Finding somewhere to live when moving abroad

Finding accommodation abroad

This may seem like a daunting prospect, particularly as house viewings are normally out of the question unless you have a spare helicopter. But don’t panic: finding somewhere to live abroad without actually being there is doable, providing you keep abridge of the processes involved and remember what you want – the right house is definitely worth searching for!

Ask for help

Asking for help doesn’t mean admitting you’re useless. It is the sensible thing to do, particularly at the start. House-hunting is difficult to do on your own, particularly if you’re not used to it. When you’re accepted to your international university, they will send you documents to get you started.

However, if you are organised and want to get started early, just email the university you’re hoping to attend and they will happily provide you with information regarding the accommodation available. And remember, university accommodation is not the same in every country: for example, in the USA you will normally have to room share and in France it is typical not be provided with a refrigerator. Don’t just assume – find out!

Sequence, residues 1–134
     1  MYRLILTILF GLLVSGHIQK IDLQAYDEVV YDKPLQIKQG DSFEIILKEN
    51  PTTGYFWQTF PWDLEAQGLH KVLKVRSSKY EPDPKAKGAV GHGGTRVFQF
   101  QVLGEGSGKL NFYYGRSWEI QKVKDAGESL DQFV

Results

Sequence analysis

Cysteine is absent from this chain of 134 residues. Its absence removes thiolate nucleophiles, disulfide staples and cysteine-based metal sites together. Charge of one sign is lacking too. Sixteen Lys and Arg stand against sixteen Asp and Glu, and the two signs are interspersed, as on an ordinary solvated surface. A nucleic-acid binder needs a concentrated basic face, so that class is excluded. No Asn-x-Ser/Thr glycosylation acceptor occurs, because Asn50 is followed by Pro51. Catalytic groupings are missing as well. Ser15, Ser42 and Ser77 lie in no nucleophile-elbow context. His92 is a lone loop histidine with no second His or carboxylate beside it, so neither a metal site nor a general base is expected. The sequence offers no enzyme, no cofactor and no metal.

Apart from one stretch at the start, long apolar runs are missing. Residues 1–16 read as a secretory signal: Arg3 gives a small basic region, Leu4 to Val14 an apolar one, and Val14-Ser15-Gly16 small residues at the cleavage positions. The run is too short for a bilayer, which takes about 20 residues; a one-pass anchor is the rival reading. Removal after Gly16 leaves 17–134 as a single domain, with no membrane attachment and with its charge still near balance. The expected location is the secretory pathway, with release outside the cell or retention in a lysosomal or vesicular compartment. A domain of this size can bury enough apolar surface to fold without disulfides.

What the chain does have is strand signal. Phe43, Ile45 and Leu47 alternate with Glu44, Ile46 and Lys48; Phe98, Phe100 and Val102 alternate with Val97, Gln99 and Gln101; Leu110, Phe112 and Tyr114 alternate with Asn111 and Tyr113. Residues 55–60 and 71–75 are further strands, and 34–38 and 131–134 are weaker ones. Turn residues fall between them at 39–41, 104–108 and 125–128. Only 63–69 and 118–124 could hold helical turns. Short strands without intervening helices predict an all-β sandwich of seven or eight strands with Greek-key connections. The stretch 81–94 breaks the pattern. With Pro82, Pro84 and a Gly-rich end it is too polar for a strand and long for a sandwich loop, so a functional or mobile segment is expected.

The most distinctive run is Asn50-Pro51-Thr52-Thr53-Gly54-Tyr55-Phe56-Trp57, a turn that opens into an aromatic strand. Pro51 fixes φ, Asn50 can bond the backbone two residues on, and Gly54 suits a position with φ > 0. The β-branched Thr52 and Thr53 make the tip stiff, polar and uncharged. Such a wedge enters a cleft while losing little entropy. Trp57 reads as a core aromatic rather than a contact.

If you’re used to campus-life, it is important to remember that not every university operates in the same way and some do not supply university accommodation to international students or to anyone at all. If this is the case, they will certainly advise you where to look elsewhere without leaving you totally in the dark.

If university accommodation isn’t available (or you decide against it) you will normally be looking at a decision between private rented (single or share) or host-family. Private rented will give you independence though will be costly, especially single. Living with a host family might mean the sacrifice of some independence but would probably keep costs down, with the added bonus that you’d be immediately immersing yourself in the local customs and culture.

Watch your sources

Social media and blog sites are very useful for getting general information and  a flavour of the place you’ll be living in, but if someone you’ve never met offers you a room online in exchange for a simple credit card transaction, steer clear! It may be a very innocent offer, but as the source is not reliable/traceable it will be difficult to recover from if it is a scam. Accommodation websites, or information forwarded from your university, are reliable and traceable should there be any problems. Search for trusted companies and landlords rather than going alone and hoping for the best.

Be involved

Just because you can’t physically view the property, does not mean you should just sit back and do nothing. Be proactive! Ask to see photos of the property, or maybe even a skype tour. Ask questions: how do they want the rent paid? Does it include bills? Have they rented before (particularly to foreign students)?

Don’t be lax: if you end up in a horrible house on the other side of the world, you can’t just pop home to sleep. Accept the help offered to you, be vigilant, be informed and most of all be patient: processes overseas may take longer than at home, but the perfect accommodation is definitely worth waiting for.